Up for grabs as the legislature convenes today are the speakerships of the Senate and Chamber of Deputies, followed by appointments to budget committees and commission chairmanships. The posts could give Grillo’s Five Star Movement, which took a quarter of the votes in elections last month, enough leverage over the bodies’ more than 2 billion euros ($2.6 billion) in annual operating expenses.

“The costs could be cut in half,” said Elio Lannutti, a consumer advocate, ex-senator and a friend of Grillo’s. “If they keep these people out, the revolution is just going to get bigger.”

Five Star was swept into the legislature with a mandate to cut taxes, curb public spending and shove career politicians from power. The party’s power is still up in the air, as no political force emerged from the Feb. 24-25 election with a majority. It’s now up to President Giorgio Napolitano to nominate a figure to form a government.

Still, Five Star has already used its electoral gains to push its version of an austerity agenda.

Lawmakers make about 20,000 euros a month in salary and benefits, including train and air travel. Yesterday, Grillo called on Pier Luigi Bersani, head of the largest parliamentary force, to persuade his members to give up more than half of their pay. Monthly salaries, at about 11,000 euros, should be reduced to 5,000 euros, Grillo said. There are 945 elected seats in the Senate and Chamber. That compares to 635 in the U.S. Congress.

‘The Caste’…”

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Upcoming German Elections Will Be Tested Given Sovereign Debt Crisis Plaguing Europe

“A resurgence of the debt crisis that scarred the euro-area over the past 3 1/2 years is the biggest threat facing Germany in an election year, policy makers and leading economists said.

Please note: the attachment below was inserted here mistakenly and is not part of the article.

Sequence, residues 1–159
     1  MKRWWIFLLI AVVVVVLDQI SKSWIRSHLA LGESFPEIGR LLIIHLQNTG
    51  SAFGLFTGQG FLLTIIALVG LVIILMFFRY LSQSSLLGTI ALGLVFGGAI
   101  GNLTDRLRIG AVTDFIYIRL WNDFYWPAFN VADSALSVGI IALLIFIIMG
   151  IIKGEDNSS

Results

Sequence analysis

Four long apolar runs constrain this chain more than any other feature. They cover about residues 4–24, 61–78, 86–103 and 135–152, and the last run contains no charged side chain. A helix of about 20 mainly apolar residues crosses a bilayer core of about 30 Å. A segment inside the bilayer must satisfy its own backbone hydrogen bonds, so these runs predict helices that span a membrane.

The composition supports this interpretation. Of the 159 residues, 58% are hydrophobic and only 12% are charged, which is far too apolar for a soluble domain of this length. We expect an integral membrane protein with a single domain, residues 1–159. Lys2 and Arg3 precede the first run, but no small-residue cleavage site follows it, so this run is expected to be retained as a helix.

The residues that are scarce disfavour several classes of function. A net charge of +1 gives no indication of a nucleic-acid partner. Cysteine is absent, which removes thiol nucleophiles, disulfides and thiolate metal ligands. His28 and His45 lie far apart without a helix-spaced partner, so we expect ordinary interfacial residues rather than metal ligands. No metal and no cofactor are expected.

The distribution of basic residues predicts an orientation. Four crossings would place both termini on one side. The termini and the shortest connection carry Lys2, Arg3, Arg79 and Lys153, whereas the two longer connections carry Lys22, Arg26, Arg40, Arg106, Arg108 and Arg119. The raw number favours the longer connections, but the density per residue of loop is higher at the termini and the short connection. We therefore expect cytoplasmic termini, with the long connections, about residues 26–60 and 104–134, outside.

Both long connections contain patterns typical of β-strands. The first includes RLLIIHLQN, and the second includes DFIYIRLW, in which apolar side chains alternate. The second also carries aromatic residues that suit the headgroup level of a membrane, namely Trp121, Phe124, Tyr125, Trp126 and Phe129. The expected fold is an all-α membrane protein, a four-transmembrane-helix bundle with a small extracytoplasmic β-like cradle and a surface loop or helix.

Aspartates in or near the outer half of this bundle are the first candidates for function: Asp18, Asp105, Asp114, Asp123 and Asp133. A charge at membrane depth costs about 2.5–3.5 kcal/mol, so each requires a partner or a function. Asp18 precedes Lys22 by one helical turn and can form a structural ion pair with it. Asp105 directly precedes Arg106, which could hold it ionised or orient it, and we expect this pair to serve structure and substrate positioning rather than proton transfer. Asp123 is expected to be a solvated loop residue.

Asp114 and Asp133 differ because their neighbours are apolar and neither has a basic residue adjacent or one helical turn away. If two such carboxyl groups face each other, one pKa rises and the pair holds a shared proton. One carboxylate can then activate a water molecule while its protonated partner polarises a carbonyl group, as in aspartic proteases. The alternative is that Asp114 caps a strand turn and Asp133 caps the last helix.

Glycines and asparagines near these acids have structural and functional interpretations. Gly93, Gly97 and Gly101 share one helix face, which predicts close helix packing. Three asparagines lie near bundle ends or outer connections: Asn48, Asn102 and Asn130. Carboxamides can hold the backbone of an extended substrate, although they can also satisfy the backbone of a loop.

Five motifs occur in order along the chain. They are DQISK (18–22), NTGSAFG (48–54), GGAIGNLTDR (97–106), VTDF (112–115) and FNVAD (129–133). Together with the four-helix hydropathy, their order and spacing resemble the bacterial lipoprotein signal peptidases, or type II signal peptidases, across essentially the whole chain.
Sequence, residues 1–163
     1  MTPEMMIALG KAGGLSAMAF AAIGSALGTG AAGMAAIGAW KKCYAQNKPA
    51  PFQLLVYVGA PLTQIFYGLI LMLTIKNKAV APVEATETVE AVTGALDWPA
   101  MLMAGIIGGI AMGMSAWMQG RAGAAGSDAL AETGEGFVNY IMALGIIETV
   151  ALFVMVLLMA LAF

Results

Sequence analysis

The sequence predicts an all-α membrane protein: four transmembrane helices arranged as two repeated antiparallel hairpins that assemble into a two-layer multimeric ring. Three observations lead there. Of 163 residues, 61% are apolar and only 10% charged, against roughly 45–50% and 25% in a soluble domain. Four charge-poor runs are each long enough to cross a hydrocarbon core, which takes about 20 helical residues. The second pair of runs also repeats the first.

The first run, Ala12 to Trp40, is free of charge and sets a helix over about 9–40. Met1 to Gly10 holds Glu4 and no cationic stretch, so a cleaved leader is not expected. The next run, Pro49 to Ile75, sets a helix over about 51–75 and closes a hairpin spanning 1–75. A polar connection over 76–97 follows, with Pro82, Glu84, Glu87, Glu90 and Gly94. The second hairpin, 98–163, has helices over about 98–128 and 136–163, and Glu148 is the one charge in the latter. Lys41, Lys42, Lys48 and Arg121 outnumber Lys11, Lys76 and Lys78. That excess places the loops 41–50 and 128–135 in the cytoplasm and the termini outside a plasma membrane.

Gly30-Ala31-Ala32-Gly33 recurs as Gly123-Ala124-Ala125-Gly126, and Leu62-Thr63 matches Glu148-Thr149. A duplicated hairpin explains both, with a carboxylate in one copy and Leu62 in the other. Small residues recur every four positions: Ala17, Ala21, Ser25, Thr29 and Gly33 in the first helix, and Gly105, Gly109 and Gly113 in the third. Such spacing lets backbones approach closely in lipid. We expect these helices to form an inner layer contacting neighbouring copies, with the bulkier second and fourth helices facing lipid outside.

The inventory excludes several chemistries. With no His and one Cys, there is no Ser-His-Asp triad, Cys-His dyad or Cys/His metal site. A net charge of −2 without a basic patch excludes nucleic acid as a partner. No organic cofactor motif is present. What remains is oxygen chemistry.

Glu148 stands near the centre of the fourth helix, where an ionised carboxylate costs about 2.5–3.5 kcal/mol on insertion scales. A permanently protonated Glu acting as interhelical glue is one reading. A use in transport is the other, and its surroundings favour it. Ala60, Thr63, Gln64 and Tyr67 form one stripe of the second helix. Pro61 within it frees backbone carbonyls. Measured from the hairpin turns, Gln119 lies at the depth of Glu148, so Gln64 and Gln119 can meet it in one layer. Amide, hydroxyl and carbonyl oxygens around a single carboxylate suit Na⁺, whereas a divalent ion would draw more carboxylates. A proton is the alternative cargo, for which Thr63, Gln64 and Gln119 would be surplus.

With sovereign bond yields declining in countries such as Italy and Ireland, governments acrossEurope cannot be lulled into thinking they can let up on their budget-cutting efforts, economists including Deutsche Bank AG senior adviser Thomas Mayer and Holger Schmieding of Berenberg Bank said during Bloomberg’s first Germany Day conference in Berlin yesterday.

“No nonsense,” Schmieding said during a panel discussion at the event, urging governments not to “backtrack in any way on the achievements” made so far. “If any country tried now to undo austerity, it would likely shatter confidence, it would probably spark another row in Europe, another wave of the euro crisis, and that wave of crisis would leave us all with less business investment, less jobs across the euro area.”

Policy makers including Chancellor Angela Merkel, Europe’s dominant political leader, risk complacency as they use a period of relative market calm to shift from crisis-fighting to longer- term efforts to bolster economic growth and combat record levels of unemployment in countries such as Spain andGreece. Leaders resume a two-day summit in Brussels today that was due to tackle Cyprus, the fifth euro country to call for outside aid.

Cyprus ‘Bail-In’….”


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Samurai Abe Gets Kuroda Confirmed, More Easing to Come

“Japanese Prime Minister Shinzo Abe’s initiative to end two decades of economic stagnation took its biggest step yet as Parliament confirmed his picks for a new Bank of Japan (8301)leadership team.

Haruhiko Kuroda, who advocated an inflation target more than a decade before the central bank set one, won a majority of votes in the upper house a day after his nomination as governor was endorsed by the lower body. Abe’s picks for two deputies were also approved, with BOJ critic Kikuo Iwata prevailing after being opposed as too radical by some lawmakers.

Kuroda, the outgoing Asian Development Bank chief, has repeatedly said monetary policy alone can end the deflation that has afflicted the world’s third-largest economy for 15 years. His next task is corralling the nine-member board behind fresh stimulus, with options ranging from accelerating bond-purchase plans to setting a target for expanding the monetary base.

“The next focal point is whether Kuroda will hold an emergency meeting,” before the scheduled April 3-4 board gathering, said Shuichi Obata, senior economist at Nomura Securities Co. inTokyo. “The BOJ is likely to extend the maturity of assets it buys and expand bond purchases.”